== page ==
The United States is one of the few countries that kept an ambassador there through the whole civil war time, because we wanted so badly for Liberia to be able to settle that and to be able to go back to the democracy that they've known in other times. So that was really fun, to be able to represent the United States there, at her inauguration.
I also got to lead the delegation to the Olympics in Turin, and that was really fun. We had a wonderful delegation of former American Olympians, Winter Olympians, including -- and a lot of people probably don't know this -- that famous Olympian, Herschel Walker. We all remember him as a Dallas Cowboy, but he was actually a bobsledder in the Winter Olympics. So that was fun.
Q You've also seen in New Orleans, saw Katrina --
MRS. BUSH: That's right. I was there yesterday, in New Orleans. On the way here I stopped and did two events -- an event with Secretary Elaine Chao, the Secretary of Labor, with the National Urban League, that's money -- federal funding from the Labor Department to train people. This is specifically for young people, age 18 to 24, for the new jobs. And right now the whole Gulf Coast area has a lot of jobs available. We were with a person from the hotel industry and his company alone in New Orleans has 300 jobs, because people have moved away and they've lost a lot of their employees. So I did an event with her.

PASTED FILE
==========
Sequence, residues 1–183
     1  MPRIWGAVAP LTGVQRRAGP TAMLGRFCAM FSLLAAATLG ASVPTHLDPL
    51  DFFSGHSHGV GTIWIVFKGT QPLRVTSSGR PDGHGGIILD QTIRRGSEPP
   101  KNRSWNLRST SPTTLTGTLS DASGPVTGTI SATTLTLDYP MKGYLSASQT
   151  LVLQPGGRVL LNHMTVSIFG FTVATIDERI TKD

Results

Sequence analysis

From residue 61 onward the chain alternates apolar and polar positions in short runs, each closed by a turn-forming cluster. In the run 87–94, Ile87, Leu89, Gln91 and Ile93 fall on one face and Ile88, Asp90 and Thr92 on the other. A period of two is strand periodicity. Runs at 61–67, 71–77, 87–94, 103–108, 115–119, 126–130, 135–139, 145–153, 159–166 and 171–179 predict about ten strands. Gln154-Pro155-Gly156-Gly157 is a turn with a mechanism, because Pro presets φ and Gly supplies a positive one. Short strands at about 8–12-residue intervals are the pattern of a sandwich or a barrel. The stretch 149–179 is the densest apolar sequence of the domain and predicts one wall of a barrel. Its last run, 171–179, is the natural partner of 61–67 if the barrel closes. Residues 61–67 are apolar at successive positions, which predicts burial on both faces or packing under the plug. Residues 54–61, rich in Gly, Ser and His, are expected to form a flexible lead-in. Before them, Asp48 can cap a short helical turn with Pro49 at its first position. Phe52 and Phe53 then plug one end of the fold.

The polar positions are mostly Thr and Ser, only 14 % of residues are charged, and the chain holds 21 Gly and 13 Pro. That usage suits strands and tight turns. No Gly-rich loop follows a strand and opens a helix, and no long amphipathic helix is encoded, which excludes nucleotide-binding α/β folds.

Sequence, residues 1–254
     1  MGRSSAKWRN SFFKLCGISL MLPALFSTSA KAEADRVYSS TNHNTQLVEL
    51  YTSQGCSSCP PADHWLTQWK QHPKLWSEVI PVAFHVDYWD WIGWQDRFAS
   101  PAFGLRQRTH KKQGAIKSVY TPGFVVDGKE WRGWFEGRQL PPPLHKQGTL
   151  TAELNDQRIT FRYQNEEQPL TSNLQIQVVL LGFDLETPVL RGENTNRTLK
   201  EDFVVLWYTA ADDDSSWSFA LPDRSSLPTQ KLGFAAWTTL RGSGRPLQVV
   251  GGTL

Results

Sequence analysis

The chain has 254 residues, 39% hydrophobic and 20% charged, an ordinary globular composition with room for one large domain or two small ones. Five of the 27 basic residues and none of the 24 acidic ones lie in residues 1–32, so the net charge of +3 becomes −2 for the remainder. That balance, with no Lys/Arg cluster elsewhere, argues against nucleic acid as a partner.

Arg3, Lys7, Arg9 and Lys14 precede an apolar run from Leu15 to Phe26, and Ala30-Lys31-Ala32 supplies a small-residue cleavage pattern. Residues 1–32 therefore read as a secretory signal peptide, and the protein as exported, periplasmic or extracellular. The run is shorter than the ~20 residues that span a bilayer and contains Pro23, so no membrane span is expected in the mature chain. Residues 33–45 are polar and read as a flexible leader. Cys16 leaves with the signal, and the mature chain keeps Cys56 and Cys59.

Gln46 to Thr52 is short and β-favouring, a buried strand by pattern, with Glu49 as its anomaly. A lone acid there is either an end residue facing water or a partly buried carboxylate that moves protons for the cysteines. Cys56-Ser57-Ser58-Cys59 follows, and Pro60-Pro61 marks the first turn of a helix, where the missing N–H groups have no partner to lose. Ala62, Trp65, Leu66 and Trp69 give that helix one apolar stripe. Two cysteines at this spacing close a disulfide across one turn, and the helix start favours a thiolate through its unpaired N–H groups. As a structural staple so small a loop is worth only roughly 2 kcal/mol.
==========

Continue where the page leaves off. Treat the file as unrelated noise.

And then I met for lunch, for a working lunch with all of the state school superintendents, the state school chief officials from Texas to Florida -- Texas, Louisiana, Mississippi, Alabama and Florida -- to talk about the Laura Bush Foundation, which is a foundation for school libraries, but also to talk about what we can do as the federal government, and then all different foundations and community groups to help them as they rebuild the school districts that were decimated. And, really, no school -- state school superintendent has ever been faced with what each of these school superintendents are faced with -- the whole idea of building whole school districts from the ground up in these cities that were decimated.
And then, of course, in Florida and Texas, where we didn't suffer that much damage from the hurricane, but we've taken on many, many students who have been displaced. And a lot of school districts -- particularly Houston and Dallas -- the school districts have grown by a huge number of students. So we need to figure out what we can do to help those school districts as well. Houston opened two schools that they had closed in neighborhoods because of declining enrollment, and they were able to open those. So they have two extra schools running to make up for all the extra students.